But none of this helps you with a phrase which simply won’t make sense, even when you know all the words.  This is because you don’t know much about Latin syntax.

A lot of people know some Latin.  A great number of people know enough Latin to do something with the tools above.

But most people do not know simply Latin constructions, like the accusative + infinitive phrase, even though there is even a Wikipedia page on it:

Iulia dicit, se bonam discipulam esse

Julia says, that she (se) is (esse) a good pupil (bonam discipulam)

Once you recognise the format, it’s not hard.  You translate the accusative “se” as “that she”,  and “she” becomes the subject of the new clause.  You find the infinitive (“esse”, to be), and treat it as an indicative (“est”, is).  After that, the rest of the clause is normal.  There may be other words along for the ride, which don’t matter, as here with “bonam discipulum”.

I have found by experience that few people understand this construction.

My own knowledge of Latin constructions is limited.  It wasn’t an important part of the Latin that I did at school.

Something that we all need to work upon some more.  I shall dig out a textbook and have a read!


Will the real St Valentine please step forward? – A look at the BHL

Valentine’s Day has just passed.  In honour of the day, I thought that it would be interesting to look in the Bibliotheca Hagiographica Latina vol. 2, and see what it says about saints named “Valentinus”.

Rather to my astonishment, Abbyy Finereader 14 seems to be very good at OCRing Latin.  So here it is:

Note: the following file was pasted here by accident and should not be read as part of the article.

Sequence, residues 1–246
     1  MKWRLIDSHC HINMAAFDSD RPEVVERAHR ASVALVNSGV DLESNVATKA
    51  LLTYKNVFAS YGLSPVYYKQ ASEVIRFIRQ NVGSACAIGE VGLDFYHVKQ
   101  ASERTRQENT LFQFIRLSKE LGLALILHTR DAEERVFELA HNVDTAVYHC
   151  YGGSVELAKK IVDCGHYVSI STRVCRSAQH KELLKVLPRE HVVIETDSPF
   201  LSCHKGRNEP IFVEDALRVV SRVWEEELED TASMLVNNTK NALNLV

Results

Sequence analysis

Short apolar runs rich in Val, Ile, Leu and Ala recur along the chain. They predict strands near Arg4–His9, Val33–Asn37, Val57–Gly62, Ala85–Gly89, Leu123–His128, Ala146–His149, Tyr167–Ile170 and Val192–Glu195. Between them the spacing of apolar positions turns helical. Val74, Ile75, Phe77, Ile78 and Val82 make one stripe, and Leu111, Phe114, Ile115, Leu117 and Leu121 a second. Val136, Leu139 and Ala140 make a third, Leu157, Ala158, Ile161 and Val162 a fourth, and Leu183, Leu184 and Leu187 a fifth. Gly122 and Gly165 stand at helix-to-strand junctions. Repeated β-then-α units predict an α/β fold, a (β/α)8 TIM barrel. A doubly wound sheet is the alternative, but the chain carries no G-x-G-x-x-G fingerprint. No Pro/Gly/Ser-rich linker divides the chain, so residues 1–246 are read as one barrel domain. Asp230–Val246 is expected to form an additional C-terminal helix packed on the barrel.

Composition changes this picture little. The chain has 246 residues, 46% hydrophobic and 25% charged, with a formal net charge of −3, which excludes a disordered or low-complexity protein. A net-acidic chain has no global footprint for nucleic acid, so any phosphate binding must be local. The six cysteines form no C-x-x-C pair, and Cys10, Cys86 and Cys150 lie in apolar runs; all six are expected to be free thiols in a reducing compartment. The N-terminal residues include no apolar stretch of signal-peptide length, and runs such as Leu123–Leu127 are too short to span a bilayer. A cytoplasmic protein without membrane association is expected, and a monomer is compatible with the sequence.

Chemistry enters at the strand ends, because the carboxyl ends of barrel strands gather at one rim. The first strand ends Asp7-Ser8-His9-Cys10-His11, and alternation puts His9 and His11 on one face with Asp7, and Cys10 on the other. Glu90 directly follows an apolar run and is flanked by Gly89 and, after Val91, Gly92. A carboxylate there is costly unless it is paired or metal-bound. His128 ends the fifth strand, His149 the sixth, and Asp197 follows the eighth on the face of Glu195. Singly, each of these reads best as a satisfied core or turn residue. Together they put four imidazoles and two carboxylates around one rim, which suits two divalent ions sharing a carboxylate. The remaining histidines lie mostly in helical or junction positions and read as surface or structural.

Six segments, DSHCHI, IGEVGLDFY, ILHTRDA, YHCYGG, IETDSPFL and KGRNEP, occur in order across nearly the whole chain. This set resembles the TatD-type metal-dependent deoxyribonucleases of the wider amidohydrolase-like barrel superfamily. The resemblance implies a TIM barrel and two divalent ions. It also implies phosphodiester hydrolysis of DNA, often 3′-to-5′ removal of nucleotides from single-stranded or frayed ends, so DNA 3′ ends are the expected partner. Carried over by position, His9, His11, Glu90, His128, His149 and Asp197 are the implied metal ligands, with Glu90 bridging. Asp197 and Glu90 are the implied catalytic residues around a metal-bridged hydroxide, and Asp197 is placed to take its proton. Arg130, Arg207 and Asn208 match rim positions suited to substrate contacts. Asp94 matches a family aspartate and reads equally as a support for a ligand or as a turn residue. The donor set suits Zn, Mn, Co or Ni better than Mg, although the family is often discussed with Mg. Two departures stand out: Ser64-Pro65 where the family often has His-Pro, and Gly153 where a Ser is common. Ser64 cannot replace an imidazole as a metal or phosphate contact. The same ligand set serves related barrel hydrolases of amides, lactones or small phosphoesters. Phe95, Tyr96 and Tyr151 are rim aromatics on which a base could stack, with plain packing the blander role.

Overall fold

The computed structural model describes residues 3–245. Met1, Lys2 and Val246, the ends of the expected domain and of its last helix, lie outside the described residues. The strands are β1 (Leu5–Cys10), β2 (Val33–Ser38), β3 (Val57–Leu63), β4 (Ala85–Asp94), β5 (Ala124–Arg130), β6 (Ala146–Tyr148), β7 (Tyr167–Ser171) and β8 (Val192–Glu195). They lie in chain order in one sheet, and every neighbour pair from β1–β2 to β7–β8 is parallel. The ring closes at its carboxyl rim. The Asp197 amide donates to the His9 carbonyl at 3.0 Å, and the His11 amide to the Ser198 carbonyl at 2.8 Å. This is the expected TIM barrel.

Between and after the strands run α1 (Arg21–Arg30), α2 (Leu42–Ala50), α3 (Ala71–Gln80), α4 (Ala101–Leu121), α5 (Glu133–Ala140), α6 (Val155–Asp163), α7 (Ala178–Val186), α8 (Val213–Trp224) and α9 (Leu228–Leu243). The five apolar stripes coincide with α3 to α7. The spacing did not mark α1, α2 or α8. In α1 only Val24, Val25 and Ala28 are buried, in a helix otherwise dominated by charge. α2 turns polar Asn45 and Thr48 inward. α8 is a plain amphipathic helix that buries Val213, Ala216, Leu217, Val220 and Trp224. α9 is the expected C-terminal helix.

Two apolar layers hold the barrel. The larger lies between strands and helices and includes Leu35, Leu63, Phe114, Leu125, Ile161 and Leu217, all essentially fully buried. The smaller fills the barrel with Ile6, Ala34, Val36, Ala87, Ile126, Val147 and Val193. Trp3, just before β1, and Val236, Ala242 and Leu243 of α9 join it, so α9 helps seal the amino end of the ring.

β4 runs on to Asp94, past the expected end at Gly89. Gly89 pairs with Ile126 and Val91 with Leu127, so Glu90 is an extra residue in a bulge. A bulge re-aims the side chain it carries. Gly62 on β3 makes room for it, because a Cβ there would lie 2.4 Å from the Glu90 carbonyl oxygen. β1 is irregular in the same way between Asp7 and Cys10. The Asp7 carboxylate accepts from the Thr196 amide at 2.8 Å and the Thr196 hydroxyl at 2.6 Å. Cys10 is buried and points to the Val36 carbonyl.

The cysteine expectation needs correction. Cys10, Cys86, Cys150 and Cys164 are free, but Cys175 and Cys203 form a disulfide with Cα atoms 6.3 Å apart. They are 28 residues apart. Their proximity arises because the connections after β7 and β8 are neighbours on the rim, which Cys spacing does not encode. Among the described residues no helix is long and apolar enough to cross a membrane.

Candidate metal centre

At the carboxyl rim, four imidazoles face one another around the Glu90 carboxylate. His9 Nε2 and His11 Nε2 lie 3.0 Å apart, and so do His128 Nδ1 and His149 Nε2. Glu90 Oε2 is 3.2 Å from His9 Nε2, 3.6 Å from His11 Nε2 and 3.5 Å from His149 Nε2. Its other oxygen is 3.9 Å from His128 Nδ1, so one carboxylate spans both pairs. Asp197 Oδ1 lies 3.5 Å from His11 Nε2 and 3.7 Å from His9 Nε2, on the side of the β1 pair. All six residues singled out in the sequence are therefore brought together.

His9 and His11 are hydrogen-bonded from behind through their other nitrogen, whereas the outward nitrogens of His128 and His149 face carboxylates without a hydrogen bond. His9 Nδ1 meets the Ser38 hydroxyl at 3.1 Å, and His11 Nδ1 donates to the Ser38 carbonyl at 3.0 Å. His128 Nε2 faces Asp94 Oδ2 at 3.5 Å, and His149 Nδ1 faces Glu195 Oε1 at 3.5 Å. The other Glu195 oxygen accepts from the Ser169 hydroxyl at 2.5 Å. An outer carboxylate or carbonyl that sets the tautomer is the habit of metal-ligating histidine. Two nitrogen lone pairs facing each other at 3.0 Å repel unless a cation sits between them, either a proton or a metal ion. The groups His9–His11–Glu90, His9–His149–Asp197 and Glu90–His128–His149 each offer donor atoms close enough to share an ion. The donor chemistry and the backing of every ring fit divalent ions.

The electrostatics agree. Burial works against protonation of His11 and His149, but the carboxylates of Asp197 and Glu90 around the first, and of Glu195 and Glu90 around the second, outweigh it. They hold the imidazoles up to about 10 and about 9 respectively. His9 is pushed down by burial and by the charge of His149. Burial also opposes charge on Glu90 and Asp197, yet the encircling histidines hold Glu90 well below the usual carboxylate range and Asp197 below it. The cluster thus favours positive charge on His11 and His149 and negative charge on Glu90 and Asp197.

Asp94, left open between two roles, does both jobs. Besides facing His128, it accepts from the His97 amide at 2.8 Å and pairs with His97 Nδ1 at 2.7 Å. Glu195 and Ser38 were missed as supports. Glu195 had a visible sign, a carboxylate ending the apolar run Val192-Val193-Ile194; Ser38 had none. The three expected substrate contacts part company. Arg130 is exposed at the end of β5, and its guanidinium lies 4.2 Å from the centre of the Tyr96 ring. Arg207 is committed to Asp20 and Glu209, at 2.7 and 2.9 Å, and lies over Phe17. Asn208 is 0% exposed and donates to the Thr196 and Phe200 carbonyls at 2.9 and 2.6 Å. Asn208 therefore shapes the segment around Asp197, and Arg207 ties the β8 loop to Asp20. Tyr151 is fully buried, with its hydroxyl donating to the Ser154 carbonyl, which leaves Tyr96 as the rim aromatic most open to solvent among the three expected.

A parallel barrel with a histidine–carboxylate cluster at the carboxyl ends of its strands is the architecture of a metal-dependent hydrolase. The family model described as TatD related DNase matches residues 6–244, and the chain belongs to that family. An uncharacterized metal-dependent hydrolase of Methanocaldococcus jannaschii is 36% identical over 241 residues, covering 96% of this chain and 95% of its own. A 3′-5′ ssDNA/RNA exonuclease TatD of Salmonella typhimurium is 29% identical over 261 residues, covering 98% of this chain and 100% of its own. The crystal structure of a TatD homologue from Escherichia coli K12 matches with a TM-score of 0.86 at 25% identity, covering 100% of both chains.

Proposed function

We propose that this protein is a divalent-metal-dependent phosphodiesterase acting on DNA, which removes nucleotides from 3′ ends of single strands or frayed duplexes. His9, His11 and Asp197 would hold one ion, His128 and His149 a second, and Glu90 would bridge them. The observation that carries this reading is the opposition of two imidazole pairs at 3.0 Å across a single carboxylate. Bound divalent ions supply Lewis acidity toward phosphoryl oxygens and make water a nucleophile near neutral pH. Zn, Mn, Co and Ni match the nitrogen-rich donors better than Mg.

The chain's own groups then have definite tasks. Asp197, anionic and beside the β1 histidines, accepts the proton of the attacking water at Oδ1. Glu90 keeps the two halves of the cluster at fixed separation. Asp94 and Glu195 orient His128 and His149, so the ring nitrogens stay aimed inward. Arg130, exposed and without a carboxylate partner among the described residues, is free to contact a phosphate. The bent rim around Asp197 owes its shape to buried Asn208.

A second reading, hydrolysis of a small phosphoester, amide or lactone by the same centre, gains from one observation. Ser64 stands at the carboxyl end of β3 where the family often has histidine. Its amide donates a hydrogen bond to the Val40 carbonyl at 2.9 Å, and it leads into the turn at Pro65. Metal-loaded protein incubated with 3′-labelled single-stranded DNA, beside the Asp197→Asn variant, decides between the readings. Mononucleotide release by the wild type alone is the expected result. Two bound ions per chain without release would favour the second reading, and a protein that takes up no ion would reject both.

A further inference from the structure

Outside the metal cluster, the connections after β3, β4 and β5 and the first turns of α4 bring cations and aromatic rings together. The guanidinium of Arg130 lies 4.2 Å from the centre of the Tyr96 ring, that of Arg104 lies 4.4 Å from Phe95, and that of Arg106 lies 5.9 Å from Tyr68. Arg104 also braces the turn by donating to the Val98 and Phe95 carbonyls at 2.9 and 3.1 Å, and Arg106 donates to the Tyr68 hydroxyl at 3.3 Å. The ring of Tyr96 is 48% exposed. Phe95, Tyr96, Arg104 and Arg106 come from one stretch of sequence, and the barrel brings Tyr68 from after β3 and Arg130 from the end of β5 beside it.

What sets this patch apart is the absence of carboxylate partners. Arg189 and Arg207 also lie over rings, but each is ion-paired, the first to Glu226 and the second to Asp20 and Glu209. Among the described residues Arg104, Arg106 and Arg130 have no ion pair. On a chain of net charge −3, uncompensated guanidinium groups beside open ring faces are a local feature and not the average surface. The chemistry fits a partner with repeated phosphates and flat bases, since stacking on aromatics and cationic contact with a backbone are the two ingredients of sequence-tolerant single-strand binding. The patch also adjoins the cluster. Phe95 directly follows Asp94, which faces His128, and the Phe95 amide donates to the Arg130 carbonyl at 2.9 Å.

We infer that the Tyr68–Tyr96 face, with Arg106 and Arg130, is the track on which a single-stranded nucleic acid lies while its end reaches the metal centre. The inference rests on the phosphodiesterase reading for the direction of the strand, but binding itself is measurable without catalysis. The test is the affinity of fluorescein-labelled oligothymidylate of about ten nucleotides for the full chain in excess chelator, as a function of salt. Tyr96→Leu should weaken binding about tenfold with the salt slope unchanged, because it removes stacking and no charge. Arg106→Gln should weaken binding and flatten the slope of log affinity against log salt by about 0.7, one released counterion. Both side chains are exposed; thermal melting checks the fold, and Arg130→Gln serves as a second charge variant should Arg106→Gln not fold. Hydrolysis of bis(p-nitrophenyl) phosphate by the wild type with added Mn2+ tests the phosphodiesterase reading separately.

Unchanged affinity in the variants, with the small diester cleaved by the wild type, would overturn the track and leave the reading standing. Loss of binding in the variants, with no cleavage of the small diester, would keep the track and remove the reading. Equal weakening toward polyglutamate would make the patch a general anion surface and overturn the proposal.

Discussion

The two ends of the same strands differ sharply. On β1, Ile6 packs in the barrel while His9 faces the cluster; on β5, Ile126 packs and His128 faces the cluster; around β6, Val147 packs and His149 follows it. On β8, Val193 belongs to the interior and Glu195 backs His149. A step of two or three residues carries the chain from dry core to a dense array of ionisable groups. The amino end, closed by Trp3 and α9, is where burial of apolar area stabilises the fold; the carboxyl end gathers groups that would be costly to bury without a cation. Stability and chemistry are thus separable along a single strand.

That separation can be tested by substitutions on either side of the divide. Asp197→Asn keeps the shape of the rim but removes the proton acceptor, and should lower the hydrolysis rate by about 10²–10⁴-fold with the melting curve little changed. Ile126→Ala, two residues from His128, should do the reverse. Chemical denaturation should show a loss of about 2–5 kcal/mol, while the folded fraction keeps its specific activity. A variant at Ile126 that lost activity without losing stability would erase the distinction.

• Valentinus presb. Ecclesiolae prope Molismum, ante med. saec. V. — Iul. 4.

Vita. Inc. B. Valentinus in Laticensi suburbano Lingonensium oriundus — Des. facile intelligatur. [8457

Act. SS. Iul. II. 41-42.
Exc. Bouquet, III. 410-11.

  • Valentinus ep. Ianuensis, saec. IV in. — Mai 2.

1. Vita. Inc. B. Valentinus, bonae indolis puer — Des. sine quo nullus nostrum esse potest, ipso adiuvante… Amen. [8458

Act. SS. Mai VII. 544; 3a ed. 535-36.

2. Inventio, elevatio, miracula. Inc. Huius talis ac tanti V~i praesulis, unde superius — Des. praesentem sentiret. Hoc quoque ad laudem et gloriam Christi… Amen. [8459

Act. SS. t. c. 544-46; 3a ed. 536-37.
Exc. Ughelli, IV. 1151-54; 2a ed. 837-38.

  • Valentinus ep. Interamnensis, m. Romae, sub Claudio. — Febr. 14.

1. Vita. Inc. Propheta loquitur ad Deum… Unde b. vir Interamnensis ep. — Des. a s. Abundio non longe a corpore s. V~i sunt sepulti, collaudantes Dnm… Amen. [8460

Mombritius, II. 343-44; || Surius, I (1570), 984-86; (1576), 1014-16; II (1618), 145-46; II (1875), 349-52; || Act. SS. Febr.II. 756-57; 3a ed. 757-58.

2. Epitome.

Petrus de Nat. iii. 122.

3. Translatio capitis Gemmeticum et miracula auct. Baldrico ep. Dolensi. Inc. prol. Qualiter bb. V~i caput Gemmeticum usque — Inc. Quidam qui sacerdotio fungebatur — Des. ab infirmitate illa curatus sanus egressus est. [8461

Act. SS. t. c. 758-62; 3a ed. 759-63; || P.L. CLXVI. 1153-64.

  • Valentinus ep. Raetiarum (al. ep. Pataviensis), saec. V. — Ian. 7.

1. Vita et translatio. Inc. In civitate Pataviensi inventum est sub nostro aevo — Des. ubi adhuc plurima fiunt miracula, quae facit… Amen. Celebratur autem festum etc. etc… [8462